15.2  Distributed indexing: Search Trees

Hash-based data structures do not support range queries or nearest-neighbors searches. This is a well-known limitation that justifies the coexistence, in centralized systems, of hash tables and tree indexes (generally, B+trees). We study in this section the design of distributed search trees.

15.2.1  Design issues

A general problem with tree structures is that operations usually execute a top-down traversal of the tree. A naive distribution approach that would assign each tree node to a server would result in a very poor load balancing. The server hosting the root node, in particular, is likely to become overloaded. Figure 15.10 shows a tree structure, where each black dots represents both a node of the tree and the server where it resides. For the sake of illustration we assume a binary tree but the discussion holds for any node fanout.

Consider a query that searches for objects located on node (i.e., a server) e. The left part of the figure illustrates what happens in naive implementation. A client node always contacts the root node a which forwards the query down the tree, eventually reaching e. Statistically, a receives twice more messages that its children, and generally 2h more messages than any node located at level h.


Figure 15.10: Design issues for distributed trees

The design of distributed tree structures attempts to avoid such bottlenecks with a combination of three ideas:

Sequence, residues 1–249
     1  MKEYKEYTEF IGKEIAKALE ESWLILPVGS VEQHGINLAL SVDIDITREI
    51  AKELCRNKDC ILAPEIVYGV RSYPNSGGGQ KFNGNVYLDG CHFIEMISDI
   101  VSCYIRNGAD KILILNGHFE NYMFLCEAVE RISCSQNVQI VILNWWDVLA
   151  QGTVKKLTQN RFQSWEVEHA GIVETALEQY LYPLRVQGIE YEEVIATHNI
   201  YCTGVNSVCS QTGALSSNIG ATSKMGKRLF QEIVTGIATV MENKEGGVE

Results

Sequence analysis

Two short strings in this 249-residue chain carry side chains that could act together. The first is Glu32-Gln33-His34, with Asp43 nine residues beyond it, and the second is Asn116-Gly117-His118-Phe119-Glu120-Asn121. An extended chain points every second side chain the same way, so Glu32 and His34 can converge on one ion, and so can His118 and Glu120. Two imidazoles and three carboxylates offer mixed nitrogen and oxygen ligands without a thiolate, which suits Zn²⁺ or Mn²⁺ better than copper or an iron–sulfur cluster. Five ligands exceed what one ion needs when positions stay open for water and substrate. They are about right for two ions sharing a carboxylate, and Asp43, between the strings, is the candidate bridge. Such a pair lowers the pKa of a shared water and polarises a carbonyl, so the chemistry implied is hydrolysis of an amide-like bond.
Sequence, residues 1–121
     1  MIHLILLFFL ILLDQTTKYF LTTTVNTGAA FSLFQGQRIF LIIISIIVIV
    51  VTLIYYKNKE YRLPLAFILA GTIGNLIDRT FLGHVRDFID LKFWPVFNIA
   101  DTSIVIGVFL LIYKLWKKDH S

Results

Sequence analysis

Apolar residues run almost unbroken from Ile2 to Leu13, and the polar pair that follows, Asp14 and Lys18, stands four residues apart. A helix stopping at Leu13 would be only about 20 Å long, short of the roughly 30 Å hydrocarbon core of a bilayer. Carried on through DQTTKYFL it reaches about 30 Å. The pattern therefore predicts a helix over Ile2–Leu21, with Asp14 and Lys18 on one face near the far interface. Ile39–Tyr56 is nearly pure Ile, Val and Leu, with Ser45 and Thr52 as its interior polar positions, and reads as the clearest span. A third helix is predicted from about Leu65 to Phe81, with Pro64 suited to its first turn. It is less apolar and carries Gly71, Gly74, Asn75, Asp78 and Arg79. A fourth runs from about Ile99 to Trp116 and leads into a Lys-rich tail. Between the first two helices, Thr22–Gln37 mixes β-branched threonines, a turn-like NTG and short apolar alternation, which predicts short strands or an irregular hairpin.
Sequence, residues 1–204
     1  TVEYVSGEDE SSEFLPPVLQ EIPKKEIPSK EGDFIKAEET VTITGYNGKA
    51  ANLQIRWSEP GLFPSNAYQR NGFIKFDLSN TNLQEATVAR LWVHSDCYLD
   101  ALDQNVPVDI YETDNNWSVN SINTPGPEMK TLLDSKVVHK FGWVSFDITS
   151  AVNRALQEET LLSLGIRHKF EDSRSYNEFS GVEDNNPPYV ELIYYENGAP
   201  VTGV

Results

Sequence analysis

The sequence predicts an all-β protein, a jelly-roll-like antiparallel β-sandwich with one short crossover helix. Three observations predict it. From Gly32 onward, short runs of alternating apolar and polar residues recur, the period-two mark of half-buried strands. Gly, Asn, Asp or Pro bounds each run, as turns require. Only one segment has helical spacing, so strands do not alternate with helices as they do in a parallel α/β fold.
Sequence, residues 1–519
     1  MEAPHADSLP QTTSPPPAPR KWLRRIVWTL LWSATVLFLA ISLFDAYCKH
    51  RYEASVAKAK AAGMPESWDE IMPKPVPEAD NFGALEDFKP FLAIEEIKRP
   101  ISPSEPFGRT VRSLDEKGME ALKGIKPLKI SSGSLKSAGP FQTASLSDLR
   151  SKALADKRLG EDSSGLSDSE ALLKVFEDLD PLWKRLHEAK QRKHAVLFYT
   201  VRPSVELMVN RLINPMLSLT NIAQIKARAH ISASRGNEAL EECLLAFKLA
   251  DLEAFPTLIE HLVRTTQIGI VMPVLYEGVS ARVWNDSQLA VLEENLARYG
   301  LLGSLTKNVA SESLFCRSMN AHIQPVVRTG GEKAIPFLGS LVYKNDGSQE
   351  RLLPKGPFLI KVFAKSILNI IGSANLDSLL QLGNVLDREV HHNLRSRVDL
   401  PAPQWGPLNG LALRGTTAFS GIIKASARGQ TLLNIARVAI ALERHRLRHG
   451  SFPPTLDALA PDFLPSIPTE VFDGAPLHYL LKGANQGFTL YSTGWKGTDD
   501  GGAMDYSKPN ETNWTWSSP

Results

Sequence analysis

1. caching of the tree structure, or part of it, on the Client node, so that the Client node can directly access the server that can serve its request,
  2. replication of the upper levels of the tree, to avoid overloading servers in charge of nodes in these levels.
  3. routing tables, stored at each node, enabling horizontal and vertical navigation in the tree.

With respect to caching, a standard means of improving the search for a particular server is to keep in the Client cache an image that records the part of the tree already visited by the Client. If, for instance, a previous query led the client to node f through node c, this local part of the structure can be memorized in the client image. Any query in that Client addressing the same part of the key space can then directly access node c, avoiding a full traversal from the root to f. Otherwise, the client must still use the standard algorithm. If the client only knows c, the query must be first forwarded up from c to the nearest ancestor (here, b) that covers the query criteria, then down to the leaf. Thus, the use of such caching does not avoid an imbalance of the servers load.